Basketball: Denny Kessel, fellow legends team up on local camp to benefit Ronald McDonald House
BY KEN KEENAN firstname.lastname@example.org July 17, 2012 5:16PM
Updated: July 23, 2012 8:53PM
LIBERTYVILLE — With a lineup of heavy hitters from the world of basketball on board, including former Mundelein High School boys head coach Denny Kessel, nationally known Sports America Inc. is bringing a pair of specialized camps to the greater Chicago area.
Initiated in 2010 by McDonald’s All-American High School Basketball Games founder Bob Goeghan, Sports America Basketball Camps will hold its Boys Day Camp at Aurora West High School, from July 30 to Aug. 3, followed by a Boys and Girls Day Camp at Libertyville Sports Complex, set for Aug. 6-10. The camps are designed for youngsters entering fourth to ninth grade in 2012-13.
Proceeds from the camps will benefit Ronald McDonald House Charities of Chicagoland and Northwest Indiana.
In selecting Kessel — along with Illinois Basketball Academy founder and director Craig Veselik, legendary St. Joseph High School head coach Gene Pingatore — the Washington D.C.-based Goeghan, who also founded Sports America Inc., wanted to ensure that campers receive the highest quality of instruction available.
“We’re trying to build a camp different from other camps, and those guys are legends in the Chicago area, so I’m trying to utilize their skills and vision,” Goeghan said. “The concept is, if we could take these great mentors, not only could we help kids become better in basketball, but also how to become a better teammate … a better person — and most important, to teach kids to give back to the community. So I wanted communicators who represent the game in the right way. Plus, these coaches really like giving back to the community, and Ronald McDonald House Charities really help families with the money that’s raised.”
Kessel, who compiled 388 career victories as a high school coach and entered the Illinois Basketball Coaches Association Hall of Fame in 2005, is more than glad to lend a hand.
“I’m flattered to be included in this group,” said Kessel, who also runs Kessel Heat, a multi-faceted outfit offering basketball instruction, team competition and the like. “Ronald McDonald Charities is something close to me, and it’s a good cause, raising money for kids — some with terminal illnesses. And this particular camp is going to allow for lectures, classrooms … the importance of values and sportsmanship, competition and fair play. All of that stuff is important.”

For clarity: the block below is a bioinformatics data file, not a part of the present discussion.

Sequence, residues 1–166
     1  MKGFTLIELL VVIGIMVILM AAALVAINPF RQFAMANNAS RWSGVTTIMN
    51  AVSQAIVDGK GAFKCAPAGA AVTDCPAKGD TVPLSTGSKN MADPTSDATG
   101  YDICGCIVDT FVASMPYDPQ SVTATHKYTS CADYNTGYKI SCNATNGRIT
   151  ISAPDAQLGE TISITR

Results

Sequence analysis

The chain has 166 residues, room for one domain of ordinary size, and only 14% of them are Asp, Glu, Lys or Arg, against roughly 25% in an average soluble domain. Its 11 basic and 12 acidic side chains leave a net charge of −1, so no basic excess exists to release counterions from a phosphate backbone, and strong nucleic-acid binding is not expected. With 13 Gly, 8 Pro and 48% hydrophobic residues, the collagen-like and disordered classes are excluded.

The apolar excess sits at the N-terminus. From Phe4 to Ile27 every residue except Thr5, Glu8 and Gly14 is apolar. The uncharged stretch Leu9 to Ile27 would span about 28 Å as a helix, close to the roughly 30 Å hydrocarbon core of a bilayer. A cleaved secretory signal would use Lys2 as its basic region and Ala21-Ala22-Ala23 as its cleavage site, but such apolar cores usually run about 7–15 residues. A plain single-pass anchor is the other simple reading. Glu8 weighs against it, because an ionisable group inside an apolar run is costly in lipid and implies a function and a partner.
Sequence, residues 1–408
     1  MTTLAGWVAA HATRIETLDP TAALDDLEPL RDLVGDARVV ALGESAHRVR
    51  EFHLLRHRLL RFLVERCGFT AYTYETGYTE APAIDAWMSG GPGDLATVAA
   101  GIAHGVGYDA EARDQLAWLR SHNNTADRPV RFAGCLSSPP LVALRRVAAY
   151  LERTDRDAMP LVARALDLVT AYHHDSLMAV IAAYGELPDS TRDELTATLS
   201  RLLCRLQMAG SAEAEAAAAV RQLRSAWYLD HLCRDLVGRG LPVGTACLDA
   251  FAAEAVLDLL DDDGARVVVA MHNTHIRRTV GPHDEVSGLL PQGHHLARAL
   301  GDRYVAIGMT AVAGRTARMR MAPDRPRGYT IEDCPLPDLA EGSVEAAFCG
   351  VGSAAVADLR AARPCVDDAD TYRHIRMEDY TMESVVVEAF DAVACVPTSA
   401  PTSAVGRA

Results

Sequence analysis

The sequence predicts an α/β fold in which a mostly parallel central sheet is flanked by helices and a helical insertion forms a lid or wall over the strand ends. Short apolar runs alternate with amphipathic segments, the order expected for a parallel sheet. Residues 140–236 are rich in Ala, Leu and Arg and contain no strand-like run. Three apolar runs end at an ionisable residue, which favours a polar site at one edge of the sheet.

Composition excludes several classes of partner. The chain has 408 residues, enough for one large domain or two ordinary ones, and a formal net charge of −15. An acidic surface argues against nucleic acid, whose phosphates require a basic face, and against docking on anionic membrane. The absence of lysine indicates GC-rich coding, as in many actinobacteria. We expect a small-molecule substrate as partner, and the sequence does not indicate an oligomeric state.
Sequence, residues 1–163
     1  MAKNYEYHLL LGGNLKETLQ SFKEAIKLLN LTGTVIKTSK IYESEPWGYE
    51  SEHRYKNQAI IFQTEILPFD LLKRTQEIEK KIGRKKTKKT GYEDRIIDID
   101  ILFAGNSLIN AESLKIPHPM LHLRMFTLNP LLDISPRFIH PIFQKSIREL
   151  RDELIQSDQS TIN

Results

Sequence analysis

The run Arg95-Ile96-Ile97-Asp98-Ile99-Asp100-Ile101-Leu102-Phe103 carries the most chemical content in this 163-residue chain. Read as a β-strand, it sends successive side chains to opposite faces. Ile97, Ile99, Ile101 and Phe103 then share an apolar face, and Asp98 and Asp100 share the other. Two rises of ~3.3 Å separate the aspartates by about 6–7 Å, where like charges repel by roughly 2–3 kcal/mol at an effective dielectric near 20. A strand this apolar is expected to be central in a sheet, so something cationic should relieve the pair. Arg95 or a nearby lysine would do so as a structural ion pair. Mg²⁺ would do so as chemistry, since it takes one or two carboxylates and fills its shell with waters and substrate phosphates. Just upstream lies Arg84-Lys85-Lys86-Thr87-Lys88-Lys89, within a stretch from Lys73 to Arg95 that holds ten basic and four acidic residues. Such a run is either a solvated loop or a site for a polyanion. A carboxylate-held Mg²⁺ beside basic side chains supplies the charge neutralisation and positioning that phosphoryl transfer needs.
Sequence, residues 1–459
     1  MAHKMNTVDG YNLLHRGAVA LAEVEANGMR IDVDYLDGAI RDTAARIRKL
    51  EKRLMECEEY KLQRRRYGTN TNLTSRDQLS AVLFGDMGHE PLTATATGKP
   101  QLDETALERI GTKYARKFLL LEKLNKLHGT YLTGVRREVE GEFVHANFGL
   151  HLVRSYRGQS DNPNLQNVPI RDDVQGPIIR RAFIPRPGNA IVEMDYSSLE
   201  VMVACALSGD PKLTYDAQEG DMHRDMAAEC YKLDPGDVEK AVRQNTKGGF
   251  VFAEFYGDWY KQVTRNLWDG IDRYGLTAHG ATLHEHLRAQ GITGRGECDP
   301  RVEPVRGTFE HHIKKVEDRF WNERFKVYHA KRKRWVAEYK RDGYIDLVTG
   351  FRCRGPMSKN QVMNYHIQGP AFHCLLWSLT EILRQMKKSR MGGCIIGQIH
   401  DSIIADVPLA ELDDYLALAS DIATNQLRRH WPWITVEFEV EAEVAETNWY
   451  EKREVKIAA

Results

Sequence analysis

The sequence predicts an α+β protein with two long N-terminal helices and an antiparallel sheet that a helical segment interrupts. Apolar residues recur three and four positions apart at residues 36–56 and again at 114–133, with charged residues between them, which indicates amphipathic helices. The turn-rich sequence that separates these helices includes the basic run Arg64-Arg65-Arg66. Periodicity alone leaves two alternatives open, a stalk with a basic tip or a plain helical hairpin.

Added Goeghan: “Coach Kessel seemed really enthusiastic, and he’s already running a solid camp. He’s a basketball nut with a passion for the game. I’m just a behind-the-scenes guy, but I’m blessed with the fact that these coaches share the same vision: teaching the values of the game, sportsmanship and the life lessons that go with it.”
A typical day at one of the camps (9 a.m. to 4 p.m.) will feature a full slate of activities, including contests, 3-on-3 games and a teaching station. Each week-long camp will conclude with an awards ceremony, open to family members and friends. The total fee of $275 per camper includes a T-shirt, various Sports America giveaways, and accident/injury insurance over and above a camper’s family insurance policy.
“Most of the kids at these camps are not All-America type players, but we’ll provide exposure to them that they wouldn’t normally get,” Veselik said. “And the coaches we’ll have represent a some of the best in the area. For example, I’ve known coach Kessel for 10 years, and he’s a guy who fits the profile of a coach with the Ronald McDonald House: character, integrity and principles. Add in the Bob Goeghan factor, and it’s a special thing.”
Goeghan’s ultimate goal is to put the Sports America Camps on the national radar, as he did with the McDonald’s All-American Games, beginning in 1978.
“We’re trying to build a camp with a little twist of giving back to the community, and that’s hitting home with a lot of these parents,” he said. “We’ll see how these camps work, build upon the model, and have one in every state — hopefully in five years. There’s more to it than dunking a ball or being the best player. We’re trying to use basketball as a vehicle to build a foundation, as far as being leaders in their communities — and not followers.”
Registration for the Sports America Camp at Libertyville Sports Complex, located at 1950 North Highway 45, runs through July 23. For more information, call (708) 878-1254 or contact sportsamericabasketball.com/index.php/registration.
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